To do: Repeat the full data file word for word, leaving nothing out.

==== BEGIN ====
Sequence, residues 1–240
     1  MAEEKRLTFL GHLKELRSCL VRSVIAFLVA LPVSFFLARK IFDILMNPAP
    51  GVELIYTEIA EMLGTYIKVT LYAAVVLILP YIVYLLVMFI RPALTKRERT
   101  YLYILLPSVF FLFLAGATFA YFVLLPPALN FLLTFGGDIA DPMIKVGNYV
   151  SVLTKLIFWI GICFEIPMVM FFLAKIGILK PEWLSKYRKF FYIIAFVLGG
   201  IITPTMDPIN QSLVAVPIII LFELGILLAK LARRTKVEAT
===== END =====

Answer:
Sequence, residues 1–240
     1  MAEEKRLTFL GHLKELRSCL VRSVIAFLVA LPVSFFLARK IFDILMNPAP
    51  GVELIYTEIA EMLGTYIKVT LYAAVVLILP YIVYLLVMFI RPALTKRERT
   101  YLYILLPSVF FLFLAGATFA YFVLLPPALN FLLTFGGDIA DPMIKVGNYV
   151  SVLTKLIFWI GICFEIPMVM FFLAKIGILK PEWLSKYRKF FYIIAFVLGG
   201  IITPTMDPIN QSLVAVPIII LFELGILLAK LARRTKVEAT